In 2005, almost 40 years after Harvard College began admitting women, after women have risen to head several Ivy League universities, to lead major corporations, to serve as governors and as secretary of state, understanding why women continue to be represented less well in some fields than others, and generally underrepresented at the top of many fields, is a complicated project. In undertaking it, any sensible person would inquire, as did Summers, into the actual choices women make, the sexes' natural aptitudes and socialized differences, and overt discrimination. To denounce the very outlining of the essential features of such an inquiry is anti-intellectual in the extreme. Alas, Summers's decision to acquiesce in the denunciation and to serve up one apology after another not only legitimated but also emboldened the forces of darkness and reaction. And to earmark $50 million (as Summers subsequently did) for the creation of two more task forces to nurture and promote women at Harvard in advance of the very inquiry Summers himself insisted was necessary to determine the roots of the problem rewards intellectual thuggery and provides fabulous incentives for further intimidation of freedom of speech and thought on campus.
Some seasoned observers, both inside and outside Harvard, while distancing themselves from those who attacked Summers for the content of his comments, condemned his lack of prudence in making them. Just as federal judges are prohibited from speaking about pending cases, and CEOs try not to take controversial stands that might anger customers or discomfit employees, so too, it was said, a university president has an obligation to hold his tongue on controversial subjects to avoid offending important constituencies within the university. Or put more simply, a prudent university president would have better understood the limits on speech imposed by the self-appointed enforcers of political correctness.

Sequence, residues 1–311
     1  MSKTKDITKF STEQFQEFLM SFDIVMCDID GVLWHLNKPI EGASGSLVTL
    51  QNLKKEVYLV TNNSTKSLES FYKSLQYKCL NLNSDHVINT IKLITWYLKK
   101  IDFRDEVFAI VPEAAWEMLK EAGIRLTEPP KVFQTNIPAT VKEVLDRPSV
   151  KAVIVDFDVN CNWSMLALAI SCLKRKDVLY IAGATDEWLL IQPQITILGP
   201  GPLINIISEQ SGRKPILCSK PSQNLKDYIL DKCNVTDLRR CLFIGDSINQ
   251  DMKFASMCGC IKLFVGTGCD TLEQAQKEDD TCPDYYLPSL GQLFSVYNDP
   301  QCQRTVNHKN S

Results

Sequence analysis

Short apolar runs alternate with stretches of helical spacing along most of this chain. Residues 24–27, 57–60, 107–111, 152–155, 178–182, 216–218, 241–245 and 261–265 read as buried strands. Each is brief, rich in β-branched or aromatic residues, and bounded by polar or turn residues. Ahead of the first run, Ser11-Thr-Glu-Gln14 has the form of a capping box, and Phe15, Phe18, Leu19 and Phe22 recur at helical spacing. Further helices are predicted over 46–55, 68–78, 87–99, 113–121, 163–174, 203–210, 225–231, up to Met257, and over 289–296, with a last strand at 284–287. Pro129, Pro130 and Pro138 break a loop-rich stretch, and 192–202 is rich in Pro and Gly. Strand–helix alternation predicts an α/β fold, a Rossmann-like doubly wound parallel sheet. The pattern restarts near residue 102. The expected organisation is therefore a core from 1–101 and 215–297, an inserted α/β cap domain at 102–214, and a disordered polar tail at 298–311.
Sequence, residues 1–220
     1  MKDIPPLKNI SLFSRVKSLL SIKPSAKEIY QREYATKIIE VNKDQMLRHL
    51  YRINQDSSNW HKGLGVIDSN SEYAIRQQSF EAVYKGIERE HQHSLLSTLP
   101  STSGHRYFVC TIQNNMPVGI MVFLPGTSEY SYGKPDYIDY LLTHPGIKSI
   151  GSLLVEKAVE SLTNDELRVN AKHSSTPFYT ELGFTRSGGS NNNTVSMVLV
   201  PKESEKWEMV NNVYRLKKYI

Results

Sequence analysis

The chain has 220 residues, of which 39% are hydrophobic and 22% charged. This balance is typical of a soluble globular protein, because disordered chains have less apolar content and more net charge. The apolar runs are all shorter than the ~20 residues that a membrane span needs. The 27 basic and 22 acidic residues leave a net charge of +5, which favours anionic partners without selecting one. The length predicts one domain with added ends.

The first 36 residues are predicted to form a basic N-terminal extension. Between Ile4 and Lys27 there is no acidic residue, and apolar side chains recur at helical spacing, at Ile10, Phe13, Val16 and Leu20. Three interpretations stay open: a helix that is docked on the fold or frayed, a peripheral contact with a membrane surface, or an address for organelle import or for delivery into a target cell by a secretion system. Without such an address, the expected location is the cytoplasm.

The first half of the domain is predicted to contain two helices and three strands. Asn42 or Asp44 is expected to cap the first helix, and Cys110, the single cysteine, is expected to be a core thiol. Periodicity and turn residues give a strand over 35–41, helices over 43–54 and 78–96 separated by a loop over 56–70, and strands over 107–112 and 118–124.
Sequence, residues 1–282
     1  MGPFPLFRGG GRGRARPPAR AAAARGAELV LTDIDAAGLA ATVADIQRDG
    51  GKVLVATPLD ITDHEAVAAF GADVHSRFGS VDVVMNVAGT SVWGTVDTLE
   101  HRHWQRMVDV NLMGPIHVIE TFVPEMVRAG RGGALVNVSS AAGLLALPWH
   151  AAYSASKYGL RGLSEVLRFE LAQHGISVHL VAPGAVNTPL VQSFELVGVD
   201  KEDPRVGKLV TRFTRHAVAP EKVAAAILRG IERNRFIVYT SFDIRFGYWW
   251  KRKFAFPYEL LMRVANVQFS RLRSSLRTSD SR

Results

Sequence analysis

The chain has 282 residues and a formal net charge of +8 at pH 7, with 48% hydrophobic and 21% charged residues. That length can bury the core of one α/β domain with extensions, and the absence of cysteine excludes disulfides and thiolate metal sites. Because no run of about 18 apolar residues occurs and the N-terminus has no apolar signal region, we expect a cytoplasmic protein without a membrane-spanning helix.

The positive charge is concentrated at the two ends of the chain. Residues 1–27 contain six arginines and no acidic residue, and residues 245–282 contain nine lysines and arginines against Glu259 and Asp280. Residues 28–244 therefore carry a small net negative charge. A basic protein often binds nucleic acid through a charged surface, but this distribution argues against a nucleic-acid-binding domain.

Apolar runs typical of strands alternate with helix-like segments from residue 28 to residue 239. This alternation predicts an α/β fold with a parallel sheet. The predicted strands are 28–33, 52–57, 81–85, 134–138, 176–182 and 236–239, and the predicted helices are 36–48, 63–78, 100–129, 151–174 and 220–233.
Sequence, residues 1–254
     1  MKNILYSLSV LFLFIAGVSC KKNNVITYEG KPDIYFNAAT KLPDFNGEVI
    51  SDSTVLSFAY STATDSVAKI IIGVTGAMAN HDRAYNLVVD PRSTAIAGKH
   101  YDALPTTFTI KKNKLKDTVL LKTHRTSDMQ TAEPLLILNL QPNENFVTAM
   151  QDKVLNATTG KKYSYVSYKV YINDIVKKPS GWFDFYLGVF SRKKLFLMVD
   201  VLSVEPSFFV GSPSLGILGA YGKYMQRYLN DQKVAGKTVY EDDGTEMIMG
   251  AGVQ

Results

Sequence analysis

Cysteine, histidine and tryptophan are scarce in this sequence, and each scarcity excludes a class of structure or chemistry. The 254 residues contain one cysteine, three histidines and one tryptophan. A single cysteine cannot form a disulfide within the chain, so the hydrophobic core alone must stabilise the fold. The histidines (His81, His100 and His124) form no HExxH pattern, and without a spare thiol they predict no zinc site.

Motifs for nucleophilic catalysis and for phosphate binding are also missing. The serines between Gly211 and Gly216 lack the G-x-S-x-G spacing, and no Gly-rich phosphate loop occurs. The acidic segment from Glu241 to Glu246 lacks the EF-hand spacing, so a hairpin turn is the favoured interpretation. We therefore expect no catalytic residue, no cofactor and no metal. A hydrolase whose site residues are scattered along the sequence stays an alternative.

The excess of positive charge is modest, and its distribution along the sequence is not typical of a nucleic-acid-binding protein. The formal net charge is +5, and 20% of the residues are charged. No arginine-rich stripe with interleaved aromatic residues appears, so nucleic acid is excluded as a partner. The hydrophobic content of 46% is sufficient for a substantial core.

Prudence indeed must be given its due. And wise men and women understand the limits of propriety and what their audience can bear. But a university president has special responsibilities not shared by federal judges and corporate CEOs. The aim of a university is not impartial interpretation of the law or the making of profit for shareholders but transmitting knowledge and pursuing truth. For Summers, who is also a professor in the economics department, to have accepted the NBER invitation and not mention the possibility of the relevance of natural differences between the sexes, or to have declined the invitation for fear of the fallout from mentioning it, would also have betrayed the principle of free intellectual inquiry.
Other observers maintained that the problem was that Summers spoke beyond his field of scholarly expertise: After all, he is an economist and his comments dealt with the biological bases of behavior. This is even less persuasive. The very idea of a liberal arts college presupposes the possibility and the desirability of scholars and students reaching out across disciplines to integrate knowledge.
In addition, some have denied that Summers's comments were at the center of the storm that ended his presidency. Count Summers among them. After his resignation, he told reporters that the causes of his rift with faculty were complex and they should not be reduced to a single incident. No doubt. But one of his leading critics, sociology professor Mary Waters, maintains the comments provided a strategic opportunity, and she would know. As she told the Boston Globe: "When the news about his speech on women broke, people began talking to each other, and they began to realize how widespread his behavior was. Sharing information increased everyone's disapproval."